Rav Zeev then tells what he heard from his father:
The Tchebiener Rov once knocked on the door of the Brisker Rov. My father and Reb Moshe Gewirtzman were there. My father was in the room with the Rov and Reb Moshe outside. Reb Moshe opened the door and told the Tchebiener Rov that the Rov would finish shortly. Reb Moshe went back in to the Rov and continued to talk with him. The Tchebiener Rav sat down in the hall by a small table.
Suddenly the Rav emerged from the room and saw the Tchebiener sitting and waiting. He was taken aback and exclaimed, `Tchebiener Rov!' and embraced him. He turned to Reb Moshe and shouted, `What a disgrace! Here I was inside, talking, and the Rov was sitting and waiting! I am so ashamed!' My father said that he had never heard the Brisker Rav raise his voice so loudly and with such pain! All the more so, against Reb Moshe.
My father told me another vignette about the Tchebiener:
During one of the battles which the Brisker Rov engaged in, he sent my father with a public letter to the Tchebiener for his signature. My father first began describing the issue to him when the Rov interrupted and said, `I see you have a paper in your hand. Can you give it to me?'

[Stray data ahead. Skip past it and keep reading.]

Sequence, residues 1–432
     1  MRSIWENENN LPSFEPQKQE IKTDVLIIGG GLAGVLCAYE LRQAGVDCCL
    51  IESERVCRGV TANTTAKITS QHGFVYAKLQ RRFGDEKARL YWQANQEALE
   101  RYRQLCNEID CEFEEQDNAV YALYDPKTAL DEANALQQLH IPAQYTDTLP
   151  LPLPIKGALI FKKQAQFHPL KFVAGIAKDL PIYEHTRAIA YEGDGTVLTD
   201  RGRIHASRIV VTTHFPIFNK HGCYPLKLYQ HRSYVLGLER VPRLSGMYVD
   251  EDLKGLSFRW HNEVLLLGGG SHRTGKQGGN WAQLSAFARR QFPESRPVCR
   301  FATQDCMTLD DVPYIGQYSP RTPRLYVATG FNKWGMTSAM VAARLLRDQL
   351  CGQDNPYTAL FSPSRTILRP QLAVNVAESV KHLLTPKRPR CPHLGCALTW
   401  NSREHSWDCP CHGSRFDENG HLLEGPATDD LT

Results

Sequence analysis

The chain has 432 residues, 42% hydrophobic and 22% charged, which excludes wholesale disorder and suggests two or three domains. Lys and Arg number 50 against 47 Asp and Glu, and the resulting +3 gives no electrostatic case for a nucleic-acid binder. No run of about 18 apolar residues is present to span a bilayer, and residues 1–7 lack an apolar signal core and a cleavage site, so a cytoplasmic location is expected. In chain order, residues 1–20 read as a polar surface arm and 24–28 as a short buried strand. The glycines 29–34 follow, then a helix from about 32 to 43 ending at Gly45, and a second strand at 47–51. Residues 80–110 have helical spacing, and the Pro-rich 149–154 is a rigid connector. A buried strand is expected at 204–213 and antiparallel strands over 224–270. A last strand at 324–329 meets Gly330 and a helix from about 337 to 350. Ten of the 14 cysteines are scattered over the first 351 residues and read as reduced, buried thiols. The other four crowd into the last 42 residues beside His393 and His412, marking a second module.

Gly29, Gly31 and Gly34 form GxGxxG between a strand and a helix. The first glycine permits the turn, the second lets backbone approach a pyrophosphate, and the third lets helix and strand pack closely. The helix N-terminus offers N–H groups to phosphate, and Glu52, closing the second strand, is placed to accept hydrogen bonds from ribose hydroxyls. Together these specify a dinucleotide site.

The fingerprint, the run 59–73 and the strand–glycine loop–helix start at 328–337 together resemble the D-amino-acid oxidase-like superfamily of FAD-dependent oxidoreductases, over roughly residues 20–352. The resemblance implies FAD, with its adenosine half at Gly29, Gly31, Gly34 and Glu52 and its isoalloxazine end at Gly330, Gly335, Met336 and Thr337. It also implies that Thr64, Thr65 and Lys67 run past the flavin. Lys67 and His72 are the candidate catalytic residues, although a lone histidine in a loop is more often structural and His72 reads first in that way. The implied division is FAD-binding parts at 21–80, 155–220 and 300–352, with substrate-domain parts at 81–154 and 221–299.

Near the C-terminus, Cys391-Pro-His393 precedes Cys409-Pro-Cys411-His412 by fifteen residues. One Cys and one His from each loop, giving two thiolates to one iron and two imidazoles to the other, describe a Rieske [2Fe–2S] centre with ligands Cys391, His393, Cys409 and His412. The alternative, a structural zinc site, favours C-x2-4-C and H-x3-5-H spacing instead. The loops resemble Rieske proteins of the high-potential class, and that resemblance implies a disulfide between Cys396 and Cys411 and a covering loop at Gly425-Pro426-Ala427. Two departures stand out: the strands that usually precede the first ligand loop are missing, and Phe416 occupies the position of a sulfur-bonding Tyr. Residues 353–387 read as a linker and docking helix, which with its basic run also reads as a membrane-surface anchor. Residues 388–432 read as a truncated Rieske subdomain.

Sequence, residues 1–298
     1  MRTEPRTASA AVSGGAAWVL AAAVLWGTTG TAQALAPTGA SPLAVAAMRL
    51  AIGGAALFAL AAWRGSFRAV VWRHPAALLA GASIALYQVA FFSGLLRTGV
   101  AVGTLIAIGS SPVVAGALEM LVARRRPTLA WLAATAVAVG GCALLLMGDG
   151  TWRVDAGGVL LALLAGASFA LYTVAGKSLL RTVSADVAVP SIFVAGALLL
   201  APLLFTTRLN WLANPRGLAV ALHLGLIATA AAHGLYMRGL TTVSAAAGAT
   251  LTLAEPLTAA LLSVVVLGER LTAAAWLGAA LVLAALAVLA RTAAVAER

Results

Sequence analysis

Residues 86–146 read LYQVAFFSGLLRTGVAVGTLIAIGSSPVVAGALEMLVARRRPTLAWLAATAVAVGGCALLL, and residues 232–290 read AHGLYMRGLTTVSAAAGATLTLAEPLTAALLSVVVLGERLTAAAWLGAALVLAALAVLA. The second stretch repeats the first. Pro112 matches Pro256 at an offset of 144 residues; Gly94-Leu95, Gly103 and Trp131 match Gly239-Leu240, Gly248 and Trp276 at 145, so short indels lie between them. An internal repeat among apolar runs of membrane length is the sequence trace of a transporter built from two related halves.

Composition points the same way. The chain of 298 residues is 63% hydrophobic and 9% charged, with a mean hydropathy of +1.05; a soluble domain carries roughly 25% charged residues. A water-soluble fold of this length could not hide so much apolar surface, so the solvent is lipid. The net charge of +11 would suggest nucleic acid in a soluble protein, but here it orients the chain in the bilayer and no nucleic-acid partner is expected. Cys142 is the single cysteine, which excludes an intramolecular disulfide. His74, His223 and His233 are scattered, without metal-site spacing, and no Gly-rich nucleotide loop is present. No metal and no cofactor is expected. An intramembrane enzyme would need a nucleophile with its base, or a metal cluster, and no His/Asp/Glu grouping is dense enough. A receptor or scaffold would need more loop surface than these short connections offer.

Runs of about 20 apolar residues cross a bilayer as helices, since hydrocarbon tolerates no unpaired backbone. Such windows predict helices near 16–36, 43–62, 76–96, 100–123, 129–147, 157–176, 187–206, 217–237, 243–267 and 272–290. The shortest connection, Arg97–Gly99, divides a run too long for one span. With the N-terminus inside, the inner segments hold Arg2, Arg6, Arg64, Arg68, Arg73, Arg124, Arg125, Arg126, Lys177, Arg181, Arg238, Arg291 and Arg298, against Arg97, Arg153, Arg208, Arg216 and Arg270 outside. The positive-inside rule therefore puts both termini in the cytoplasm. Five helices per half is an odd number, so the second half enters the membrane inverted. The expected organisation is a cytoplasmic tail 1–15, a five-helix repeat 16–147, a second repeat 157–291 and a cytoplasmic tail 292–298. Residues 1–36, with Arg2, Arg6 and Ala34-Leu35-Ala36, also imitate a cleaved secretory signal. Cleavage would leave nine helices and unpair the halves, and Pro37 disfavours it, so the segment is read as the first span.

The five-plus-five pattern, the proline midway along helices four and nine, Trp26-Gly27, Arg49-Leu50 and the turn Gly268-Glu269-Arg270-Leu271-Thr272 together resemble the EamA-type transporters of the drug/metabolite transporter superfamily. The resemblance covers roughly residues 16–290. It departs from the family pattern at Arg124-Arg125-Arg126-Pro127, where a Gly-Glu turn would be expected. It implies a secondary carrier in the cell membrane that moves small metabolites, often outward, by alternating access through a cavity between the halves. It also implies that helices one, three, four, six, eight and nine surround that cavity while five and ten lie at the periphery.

My father gave it to him and, without even reading its contents, the Rav took a pen and affixed his name to it under that of the Brisker Rov (in order to show his utter deference to the Rov, by signing without any judgment of his own).
After that he said to my father with warmth, "But what I just did does not have the force of a signature, since I had not seen what was written there. Now, I will look at what it says."
He read it over carefully and patiently, and then he took the pen again and went over his signature.
Klal Yisroel was in awe of the Brisker Rov. My father-in-law (HaRav Shteinman) once told me, do you think that there was even one godol beYisroel, that among those who surrounded him, there were not some who tried to fool him? And not just those who were constantly around him, but also those who went in and tried to fool him. This happened to HaRav Chaim Ozer and also to the Chazon Ish. But with regard to the Brisker Rov there was such an awe of him and such fear that they tried the least of all to fool him. He was careful in his wording: It was not that they did not try, but it was the least.